Review: Out in the Dark (2013)

Out in the Dark


Michael Mayer
Michael Mayer, Yael Shafrir
96 min.
Nicholas Jacob, Michael Aloni, Jameel Khoury, Alon Pdut, Loai Noufi, Khwalah Haj, Maysa Daw, Shimon Mimran, Majd Bitar, Alon Oleartchik, Cheli Goldenberg
MPAA Rating
Not Yet Rated

Buy on DVD/Blu-ray

Queer Cinema has been developing its own voice for many years. While there are plenty of films that tackle important topics, their narrowly-tailored craftsmanship makes them unlikely to find viewership outside the gay demographic. As with most situations in film history, leave it to foreign filmmakers to take the genre in a direction that easily broadens the genre’s impact. Out in the Dark is a compelling, thought provoking look at the hazards faced by homosexuals in Israel and Palestine.

Nimr Mashrwawi (Nicholas Jacob) is a promising psychology student. His compassion towards others is quickly established and though he has the potential to become greatly successful, being a homosexual living in Palestine, his options are limited. Forced to hide his identity or face execution by devout Muslims, Nimr seeks refuge in a gay bar in Tel Aviv where he meets handsome junior lawyer Roy Schaefer (Michael Aloni).

After their love affair develops into lasting feelings, Nimr finds himself the target of a corrupt security specialist who uses Nimr’s homosexuality as a club to beat him into submission for fear of informing his unsuspecting family of his true nature. As Nimr strugglest to straddle the dangerous political underpinnings of the Israeli-Palestinian conflict, his added burden of identity threatens to tear his emotional foundation apart and separate him not only from the family he loves, but also the man that he loves.

As Roy, Michael Aloni exemplifies the commonly-held belief in Israel that matters aren’t as bad as they seem and that influence peddling and strong convictions will win out over prejudice. Aloni’s performance is a perfect embodiment of the doubt and certitude of being gay in a place that is more tolerant and accepting than a region controlled by a more zealous religion. That he struggles to understand Nimr’s fear and uncertainty adds a complicated strain to their relationship.

This is mostly Nimr’s story and as such, Jacob does a brilliant job conveying the trepidation, internal conflict and hopefulness that accompanies those who have found a goal worth achieving and conduct their lives as perfectly as they can to avoid upsetting the balance. However, his more liberal views of the conflict between Israel and Palestine puts him at a disadvantage with his militant, pro-violence brother Mustafa (Loai Noufi) and ultimately leads to suspicion and ultimately betrayal when his secret is expectedly exposed. Jacob not only conveys the tenderness and skepticism of homosexuals in less advanced areas of the world, but embodies a fearful segment of gays in more developed countries where rabid anti-gay sentiment can still lead to harm.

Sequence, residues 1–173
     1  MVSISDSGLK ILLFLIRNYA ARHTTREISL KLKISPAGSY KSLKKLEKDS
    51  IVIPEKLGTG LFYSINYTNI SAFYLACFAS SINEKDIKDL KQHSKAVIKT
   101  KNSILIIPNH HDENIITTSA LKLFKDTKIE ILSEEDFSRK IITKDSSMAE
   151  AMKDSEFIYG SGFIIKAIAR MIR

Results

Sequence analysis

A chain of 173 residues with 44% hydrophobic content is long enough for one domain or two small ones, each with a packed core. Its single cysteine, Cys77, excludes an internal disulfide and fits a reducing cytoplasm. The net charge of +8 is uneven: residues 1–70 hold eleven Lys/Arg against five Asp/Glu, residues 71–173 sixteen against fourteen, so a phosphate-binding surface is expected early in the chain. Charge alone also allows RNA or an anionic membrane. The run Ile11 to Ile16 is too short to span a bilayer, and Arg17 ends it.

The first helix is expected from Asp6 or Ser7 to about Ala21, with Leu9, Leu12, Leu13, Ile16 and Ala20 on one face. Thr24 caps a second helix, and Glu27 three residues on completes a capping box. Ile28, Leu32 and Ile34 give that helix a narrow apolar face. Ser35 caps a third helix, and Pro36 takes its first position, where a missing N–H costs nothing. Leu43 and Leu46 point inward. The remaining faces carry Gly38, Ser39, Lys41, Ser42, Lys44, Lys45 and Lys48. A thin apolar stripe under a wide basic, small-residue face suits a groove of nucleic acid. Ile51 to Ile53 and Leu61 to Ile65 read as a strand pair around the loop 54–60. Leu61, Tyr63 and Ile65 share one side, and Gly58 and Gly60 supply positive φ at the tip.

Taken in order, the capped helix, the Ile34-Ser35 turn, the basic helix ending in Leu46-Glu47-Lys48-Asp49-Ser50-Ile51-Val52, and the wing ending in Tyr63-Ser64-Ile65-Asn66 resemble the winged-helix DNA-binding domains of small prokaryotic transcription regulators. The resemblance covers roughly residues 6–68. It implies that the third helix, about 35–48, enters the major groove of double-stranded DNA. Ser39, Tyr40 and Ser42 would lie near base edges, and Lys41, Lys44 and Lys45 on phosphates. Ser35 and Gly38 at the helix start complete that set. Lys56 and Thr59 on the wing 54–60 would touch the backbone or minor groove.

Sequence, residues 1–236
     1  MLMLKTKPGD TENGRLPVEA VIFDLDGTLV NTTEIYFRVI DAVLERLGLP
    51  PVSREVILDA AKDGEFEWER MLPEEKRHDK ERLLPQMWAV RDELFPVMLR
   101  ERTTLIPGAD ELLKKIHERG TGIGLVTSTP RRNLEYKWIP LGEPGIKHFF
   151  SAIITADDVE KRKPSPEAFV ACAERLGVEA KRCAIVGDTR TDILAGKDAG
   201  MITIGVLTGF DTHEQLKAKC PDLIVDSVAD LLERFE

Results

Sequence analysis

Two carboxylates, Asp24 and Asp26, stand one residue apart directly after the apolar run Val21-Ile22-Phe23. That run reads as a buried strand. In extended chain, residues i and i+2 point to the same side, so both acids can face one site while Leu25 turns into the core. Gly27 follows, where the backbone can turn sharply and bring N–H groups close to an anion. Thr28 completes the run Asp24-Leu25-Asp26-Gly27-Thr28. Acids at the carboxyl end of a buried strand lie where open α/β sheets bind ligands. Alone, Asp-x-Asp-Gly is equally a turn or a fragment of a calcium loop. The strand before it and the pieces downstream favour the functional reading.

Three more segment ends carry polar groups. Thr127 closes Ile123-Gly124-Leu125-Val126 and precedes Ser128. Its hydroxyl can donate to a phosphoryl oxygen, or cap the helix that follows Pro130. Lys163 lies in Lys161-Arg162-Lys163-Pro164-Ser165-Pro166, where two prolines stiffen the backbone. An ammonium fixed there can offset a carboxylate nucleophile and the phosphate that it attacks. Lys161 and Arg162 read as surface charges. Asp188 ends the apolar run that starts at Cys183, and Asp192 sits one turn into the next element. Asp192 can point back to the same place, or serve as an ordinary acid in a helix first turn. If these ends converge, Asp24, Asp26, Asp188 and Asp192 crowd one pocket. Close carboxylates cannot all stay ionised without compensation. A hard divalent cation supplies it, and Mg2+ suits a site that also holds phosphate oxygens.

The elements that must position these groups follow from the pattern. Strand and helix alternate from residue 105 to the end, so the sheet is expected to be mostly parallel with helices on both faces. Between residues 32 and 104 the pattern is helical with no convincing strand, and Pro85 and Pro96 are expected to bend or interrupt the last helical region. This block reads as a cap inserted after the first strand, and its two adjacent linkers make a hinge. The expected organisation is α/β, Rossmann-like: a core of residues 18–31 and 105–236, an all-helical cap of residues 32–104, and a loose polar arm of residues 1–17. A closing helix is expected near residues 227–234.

You can transport this story to any nation in the world and find fascinating parallels with the struggles of homosexuals around the world. This problem isn’t just an Israeli or Palestinian problems. It’s a global problem exacerbated by rampant religious ideologies that declare it an abomination and threaten to root out the practitioners for their “crimes against nature.” Some nations are more violently ruthless against homosexuals, proposing death sentences and torture for those even suspected of being gay and while Israel is far from a radical country when it comes to homosexuality, Palestinian is closer in those beliefs to other Arab nations. This dichotomy adds an interesting political undercurrent to the film that’s emboldened by the parallel struggles between peace-wanting Israelis and Palestinians and their war-hungry fellow citizens.

Director For his directorial debut, Michael Mayer does a fantastic job maintining tension in the film in spite of somewhat obvious plot threads that virtually guarantee we know where the film is going. A late film twist keeps everything from going completely as suspected and the somber and hopeful final note adds depth to the narrative. Mayer and co-writer Yael Shafrir understand their subject matter as well as anyone in the gay community and infuse their work with the level of compassion and realism that is necessary to showcase the world’s tolerance and intolerance of gay issues.

Perhaps gay filmmakers in the U.S. are so focused on making their films sexy for their target audience that they seem to forget how to craft their films so that they can play well across multiple demographics. Out in the Dark, like Brokeback Mountain, does a terrific job expanding the potential influence of queer cinema beyond the toussled hair and chiseled good looks of the more loosely topical movies that came before and will come after. That isn’t to say that Out in the Dark doesn’t bring sexiness to the topic, but that aspect is of superficial unimportance in the grand scheme of the film’s emotionally satisfying narrative.

Oscar Prospects
Unlikelies: Everything
Review Written
October 22, 2013

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